Now, it has been two weeks and I’m slowly beginning to start doing things I used to take for granted, like being able to reach things that are below waist height and sitting down for the length of a film.  This is the point I think when I most feel like a fraud, because I can spend the day talking, moving about, on the phone, on the internet, yet still off work and that small but extremely noisy part of my subconscious keeps prodding me in the metaphorical injury and shrieking that there is nothing wrong that a couple of weeks in the office couldn’t cure.  Even procuring the doctors note signing me off until the end of February at least has not placated this unending tirade of back-related doubts.

It is silly because pain really is subjective as I have said before but in my mind that works against me.  People who claim to have a high pain threshold; how can they possibly know?  If pain is individual to the person who experiences it then how on earth could one person have a higher pain threshold than someone else??  And yet still there is this inbuilt quality in me that desires not to share my pain with anyone else around me and keep any knowledge of it to myself.  Except I don’t think I’ve even been doing that.  I seem to think that if I forget what the pain was like over two weeks ago through a combination of stubbornly choosing to disregard the realities of how I was and being too afraid to remember how incapacitated I was, how much it overshadowed my every action, it won’t truly be real.

You would think that the fact I was choosing to live through the nausea, dizziness and irritation of eight Tramadol a day because it was the only way I could get up, sleep, or for want  of a better word, function would be a good enough reminder of why I should have needed this surgery.  But instead I have found myself on occasion wondering if the doctors made a mistake and this was something that in another, stronger person would have been something they could slung back two paracetemols once a week and carried on with their job of carrying round scaffolding poles all day.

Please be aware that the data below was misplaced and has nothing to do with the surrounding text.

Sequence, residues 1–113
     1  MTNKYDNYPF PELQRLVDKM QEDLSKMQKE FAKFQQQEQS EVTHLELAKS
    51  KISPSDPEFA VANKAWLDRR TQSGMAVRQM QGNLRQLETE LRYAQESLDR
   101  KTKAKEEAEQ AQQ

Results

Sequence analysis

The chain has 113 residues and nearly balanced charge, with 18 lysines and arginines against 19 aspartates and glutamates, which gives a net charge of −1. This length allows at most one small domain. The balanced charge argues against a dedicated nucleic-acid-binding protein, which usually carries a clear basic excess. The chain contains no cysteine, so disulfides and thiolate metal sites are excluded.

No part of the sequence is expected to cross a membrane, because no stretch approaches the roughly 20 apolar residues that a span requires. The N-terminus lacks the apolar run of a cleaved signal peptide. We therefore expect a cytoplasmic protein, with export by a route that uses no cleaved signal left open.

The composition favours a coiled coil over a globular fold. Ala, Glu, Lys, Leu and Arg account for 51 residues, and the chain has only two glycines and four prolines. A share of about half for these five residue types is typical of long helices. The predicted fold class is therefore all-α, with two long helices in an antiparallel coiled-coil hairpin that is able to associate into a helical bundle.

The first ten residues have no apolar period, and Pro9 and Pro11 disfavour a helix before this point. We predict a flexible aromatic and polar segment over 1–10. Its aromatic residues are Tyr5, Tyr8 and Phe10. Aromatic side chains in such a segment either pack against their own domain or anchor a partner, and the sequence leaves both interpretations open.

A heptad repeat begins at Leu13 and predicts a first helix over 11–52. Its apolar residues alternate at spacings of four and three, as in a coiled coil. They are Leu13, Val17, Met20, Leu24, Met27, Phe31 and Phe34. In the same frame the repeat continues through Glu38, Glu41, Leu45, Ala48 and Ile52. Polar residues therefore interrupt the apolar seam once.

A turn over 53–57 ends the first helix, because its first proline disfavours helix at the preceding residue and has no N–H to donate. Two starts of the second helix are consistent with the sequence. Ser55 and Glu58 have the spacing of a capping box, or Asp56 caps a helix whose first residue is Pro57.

I know, even reading this back through, it comes across at best as silly and at worst as self-pitying tripe, but the problem is that until the moment I put it down on paper so to speak I didn’t even really think about what I was thinking.  And it is harmful rubbish but its been whizzing round my brain for months.  So this evening I made a decision.  The next person to ask me a ridiculous question about my recovery, I shall not get angry at them or myself, I shall come back and read this passage I have just written and then either explain the situation calmly and confidently, giving them the basic details of the operation the recovery and my expected recoupment time.  Or I shall scream.

I’ve always thought a good scream is soothing to the soul.


About lyricalmeanings

Moving Carefully Thinking Frankly Feeling Expansively View all posts by lyricalmeanings